When Picton Castle World Voyage crew sign off the ship and see their friends and families again, one of the questions they’re most often asked is “what was your favourite port?”
A voyage around the world in the Barque Picton Castle covers an awful lot of ocean, about 30,000 nautical miles worth. And on this ocean way we put in to and visit 20 or more ports and islands. Some of the ports we love to return to voyage to voyage, some vary. They’re all amazing, each in their own way. Each of the crew have their own unique experiences in each of the ports. All of which leads me to say that it’s impossible to pick a favourite.
The ports Picton Castle visits on a World Voyage range from urban like Cape Town, South Africa to remote like Pitcairn Island in the South Pacific or St. Helena in the South Atlantic. In many of the ports we visit, English is the language spoken, but we will also hear Spanish (Panama and Galapagos), French (French Polynesia, Rodrigues, Reunion and some of the French Caribbean islands), Bislama (Vanuatu), Afrikaans (South Africa), Pitkern (Pitcairn Island), a few different versions of Polynesian Maori, and a few different versions of Creole or Patois.
The ports and islands, even within the same ocean area, can be wildly different in terms of their topography. In the South Pacific, Pitcairn Island while small, is a tall mountainous island surrounded on almost all sides by high black and grey cliffs rising up from the sea. Takaroa, also in the South Pacific, on the other hand, is an atoll which is low, very low, and covered in white sand, rising only a few metres above sea level. Both have palm trees, yes, but different species.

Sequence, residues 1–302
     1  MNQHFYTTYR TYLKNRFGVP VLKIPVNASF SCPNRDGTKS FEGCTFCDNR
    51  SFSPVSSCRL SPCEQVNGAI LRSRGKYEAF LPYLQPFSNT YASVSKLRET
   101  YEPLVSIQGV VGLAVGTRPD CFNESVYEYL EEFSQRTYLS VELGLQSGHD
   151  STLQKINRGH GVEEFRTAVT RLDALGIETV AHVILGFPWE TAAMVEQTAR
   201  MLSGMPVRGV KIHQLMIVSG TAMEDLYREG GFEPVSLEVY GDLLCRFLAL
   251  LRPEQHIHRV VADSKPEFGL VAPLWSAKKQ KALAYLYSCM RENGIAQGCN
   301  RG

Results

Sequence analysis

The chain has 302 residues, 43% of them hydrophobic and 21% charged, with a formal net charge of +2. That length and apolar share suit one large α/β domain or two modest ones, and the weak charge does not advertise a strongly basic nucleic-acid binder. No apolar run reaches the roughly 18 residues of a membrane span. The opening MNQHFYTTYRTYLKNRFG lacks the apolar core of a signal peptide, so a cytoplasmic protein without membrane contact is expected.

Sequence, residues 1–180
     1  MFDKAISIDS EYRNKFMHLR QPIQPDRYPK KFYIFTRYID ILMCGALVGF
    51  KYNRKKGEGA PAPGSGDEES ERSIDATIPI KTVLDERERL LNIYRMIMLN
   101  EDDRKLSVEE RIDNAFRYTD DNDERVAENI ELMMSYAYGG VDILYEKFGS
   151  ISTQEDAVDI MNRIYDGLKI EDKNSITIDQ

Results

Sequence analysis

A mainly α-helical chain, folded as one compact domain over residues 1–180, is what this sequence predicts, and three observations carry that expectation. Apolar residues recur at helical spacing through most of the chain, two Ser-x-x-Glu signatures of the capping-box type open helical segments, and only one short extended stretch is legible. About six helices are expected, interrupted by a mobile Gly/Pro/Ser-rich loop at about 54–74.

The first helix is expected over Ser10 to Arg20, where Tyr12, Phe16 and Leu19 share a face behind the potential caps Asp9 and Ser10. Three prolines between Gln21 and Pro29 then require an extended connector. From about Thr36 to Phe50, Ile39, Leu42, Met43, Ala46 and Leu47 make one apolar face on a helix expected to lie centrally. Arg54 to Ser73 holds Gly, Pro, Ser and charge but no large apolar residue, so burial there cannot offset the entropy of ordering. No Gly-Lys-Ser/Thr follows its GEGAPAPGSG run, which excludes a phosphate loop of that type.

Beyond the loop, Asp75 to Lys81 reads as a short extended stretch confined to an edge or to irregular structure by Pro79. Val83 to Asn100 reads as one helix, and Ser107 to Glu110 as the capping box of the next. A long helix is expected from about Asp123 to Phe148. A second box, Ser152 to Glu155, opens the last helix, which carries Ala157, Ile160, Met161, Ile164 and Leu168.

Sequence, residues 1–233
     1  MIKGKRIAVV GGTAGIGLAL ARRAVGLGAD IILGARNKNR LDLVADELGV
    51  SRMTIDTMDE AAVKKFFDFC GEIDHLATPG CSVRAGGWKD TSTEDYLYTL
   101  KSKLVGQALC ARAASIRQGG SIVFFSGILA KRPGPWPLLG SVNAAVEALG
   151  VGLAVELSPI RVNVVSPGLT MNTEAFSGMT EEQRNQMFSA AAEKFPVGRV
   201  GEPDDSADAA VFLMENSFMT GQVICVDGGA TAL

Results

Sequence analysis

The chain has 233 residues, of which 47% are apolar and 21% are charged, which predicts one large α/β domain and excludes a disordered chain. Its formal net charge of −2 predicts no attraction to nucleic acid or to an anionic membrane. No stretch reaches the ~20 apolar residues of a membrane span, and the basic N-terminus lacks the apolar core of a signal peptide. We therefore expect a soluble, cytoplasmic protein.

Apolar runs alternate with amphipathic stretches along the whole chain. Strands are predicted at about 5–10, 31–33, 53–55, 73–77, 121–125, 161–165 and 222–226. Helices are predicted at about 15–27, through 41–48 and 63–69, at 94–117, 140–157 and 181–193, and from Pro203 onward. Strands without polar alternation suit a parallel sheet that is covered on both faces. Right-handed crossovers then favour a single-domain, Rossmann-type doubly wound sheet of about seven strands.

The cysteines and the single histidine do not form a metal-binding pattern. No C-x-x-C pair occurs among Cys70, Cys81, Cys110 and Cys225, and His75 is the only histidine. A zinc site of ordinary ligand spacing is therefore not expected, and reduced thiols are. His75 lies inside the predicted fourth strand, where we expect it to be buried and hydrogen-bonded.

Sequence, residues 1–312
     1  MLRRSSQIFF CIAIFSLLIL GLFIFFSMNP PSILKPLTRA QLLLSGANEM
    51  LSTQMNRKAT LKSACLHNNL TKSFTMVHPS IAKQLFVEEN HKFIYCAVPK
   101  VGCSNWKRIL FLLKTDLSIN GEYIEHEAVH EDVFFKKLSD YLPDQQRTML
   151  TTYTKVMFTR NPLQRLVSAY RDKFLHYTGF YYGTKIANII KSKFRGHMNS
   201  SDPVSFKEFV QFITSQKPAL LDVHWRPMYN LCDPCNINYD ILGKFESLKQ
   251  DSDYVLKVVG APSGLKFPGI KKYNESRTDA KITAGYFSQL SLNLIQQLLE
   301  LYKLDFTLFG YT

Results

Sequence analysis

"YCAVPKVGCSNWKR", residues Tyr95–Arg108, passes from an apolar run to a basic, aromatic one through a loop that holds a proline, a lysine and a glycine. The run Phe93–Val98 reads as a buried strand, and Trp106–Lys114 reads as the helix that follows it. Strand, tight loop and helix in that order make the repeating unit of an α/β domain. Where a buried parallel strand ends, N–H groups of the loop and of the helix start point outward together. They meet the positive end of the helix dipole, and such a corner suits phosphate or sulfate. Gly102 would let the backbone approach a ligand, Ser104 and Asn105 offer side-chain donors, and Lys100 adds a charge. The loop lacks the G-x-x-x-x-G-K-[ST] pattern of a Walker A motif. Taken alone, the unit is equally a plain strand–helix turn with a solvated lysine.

What often makes a port a favourite of a particular crew member is the interaction they have with the people who live there. Maybe they connected with a particular student at Christel House in Cape Town when that school came to visit the ship on a field trip, maybe they spent an unforgettable day with a boatbuilder in Carriacou in the West Indies, maybe they felt like an adopted family member on Pitcairn Island. One of the unique aspects of sailing into a port is that our crew have earned their way there, which opens doors to personal interactions that just aren’t the same for a fly-in or cruise ship tourist.
While the travel experience is certainly an attractive part of this voyage, it is primarily a seafaring voyage. When we pull into these magical far off places we sail in as seafarers. For many of the crew, much of the time, the best place is at sea, out of sight of land, sailing along in the tradewinds in our trusty square-rigger with our shipmates. At sea we often see wildlife like whales, dolphins and sea birds. With no light pollution at night the stars shine more brightly than anywhere else. At sea. We are sailing the seas, and that is about the most amazing port there is.